Green-lighted drivers pay less to drive

Computer says yes…

Computer says yes…

Young drivers in Staffordshire will have their driving assessed by an in-car computer to earn discounts on their insurance.

The GreenRoad Safety Center, an electronic driving instructor that analyses 120 driving manoeuvres, is being installed in up to 500 cars in Staffordshire as part of a coaching programme for drivers under 25.

Each month drivers will be able to get up to 10 per cent of their insurance premium back from Admiral Insurance, if the Safety Center judges their driving to be low risk.

The Safety Center uses a G4 motion detector, GPS and computer to analyse each manoeuvre and gives the driver feedback on how risky their driving is by flashing a green, amber or red LED light on the dashboard.

At the end of the journey the computer will assess the overall trip as green, amber or red and an onboard modem will beam the results back to Admiral's and Staffordshire County Council's computer systems where it can be used to calculate the discount. Public Sector

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Last year a six month trial of the system by 40 young drivers in Staffordshire reduced the number of high risk or red driving manoeuvres by almost two-thirds, 58 per cent.

Staffordshire County Council, which is paying for the systems to be fitted to cars, said the system would save lives.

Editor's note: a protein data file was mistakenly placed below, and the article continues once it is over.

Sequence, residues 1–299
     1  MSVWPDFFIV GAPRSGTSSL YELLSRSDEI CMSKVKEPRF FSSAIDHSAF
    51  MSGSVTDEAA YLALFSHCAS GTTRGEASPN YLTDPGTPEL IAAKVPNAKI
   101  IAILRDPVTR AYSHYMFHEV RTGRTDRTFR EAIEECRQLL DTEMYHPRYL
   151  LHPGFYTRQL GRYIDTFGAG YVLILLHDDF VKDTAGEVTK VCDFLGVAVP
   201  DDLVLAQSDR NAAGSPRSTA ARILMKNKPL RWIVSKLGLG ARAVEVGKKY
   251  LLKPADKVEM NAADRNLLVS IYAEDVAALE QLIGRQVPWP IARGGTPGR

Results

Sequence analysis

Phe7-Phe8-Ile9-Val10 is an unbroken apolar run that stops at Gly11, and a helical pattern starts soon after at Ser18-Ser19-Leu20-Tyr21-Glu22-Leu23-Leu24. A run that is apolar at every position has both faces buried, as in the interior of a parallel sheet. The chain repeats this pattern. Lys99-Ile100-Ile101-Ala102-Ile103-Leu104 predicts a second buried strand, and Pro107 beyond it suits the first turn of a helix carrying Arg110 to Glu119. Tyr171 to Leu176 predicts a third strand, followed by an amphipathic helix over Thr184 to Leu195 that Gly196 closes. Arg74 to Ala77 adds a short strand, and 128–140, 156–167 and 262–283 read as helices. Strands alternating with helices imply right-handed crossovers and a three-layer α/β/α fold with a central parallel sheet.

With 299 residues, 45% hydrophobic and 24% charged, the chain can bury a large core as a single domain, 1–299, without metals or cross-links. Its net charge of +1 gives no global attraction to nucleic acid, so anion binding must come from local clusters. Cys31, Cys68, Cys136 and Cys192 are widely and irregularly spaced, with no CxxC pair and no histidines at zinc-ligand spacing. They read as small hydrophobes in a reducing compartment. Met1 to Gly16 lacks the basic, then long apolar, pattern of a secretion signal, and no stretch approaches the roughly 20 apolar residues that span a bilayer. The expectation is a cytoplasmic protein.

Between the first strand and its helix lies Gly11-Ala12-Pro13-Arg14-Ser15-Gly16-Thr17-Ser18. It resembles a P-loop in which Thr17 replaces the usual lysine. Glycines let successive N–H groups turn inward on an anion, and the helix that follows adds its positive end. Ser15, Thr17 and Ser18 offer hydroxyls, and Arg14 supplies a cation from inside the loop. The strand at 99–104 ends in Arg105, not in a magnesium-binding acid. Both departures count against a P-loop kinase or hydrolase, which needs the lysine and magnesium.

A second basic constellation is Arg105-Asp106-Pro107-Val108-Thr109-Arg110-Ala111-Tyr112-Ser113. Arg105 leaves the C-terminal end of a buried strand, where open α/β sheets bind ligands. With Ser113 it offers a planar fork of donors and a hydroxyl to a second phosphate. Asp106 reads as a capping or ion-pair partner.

A spokesman told "The number of fatalities among young people on the roads are shocking.

"From the trial we found that when young people start using the system, about 90 per cent are performing risky manoeuvres regularly but that drops dramatically within a few weeks of using the system.

"We have proven the system works but now there is a big carrot for young people in being able to reduce their insurance payments significantly."

Drivers will also get a 25 per cent discount on their premiums from Admiral just for taking part in the scheme.

GreenRoad is getting ready to embark on a similar partnership with Warwickshire County Council and Staffordshire said that about 40 other councils had expressed interest in running similar electronic assessment schemes.

William Williams, product development manager at Admiral, said in a statement: "New drivers pay a fortune for car insurance and that's because they are so much more likely to kill or maim while driving.

"It's a way to cut the carnage on the roads while also cutting the cost of car insurance."

Norwich Union tried using GPS tracking to offer pay-as-you go car insurance to its customers in 2006.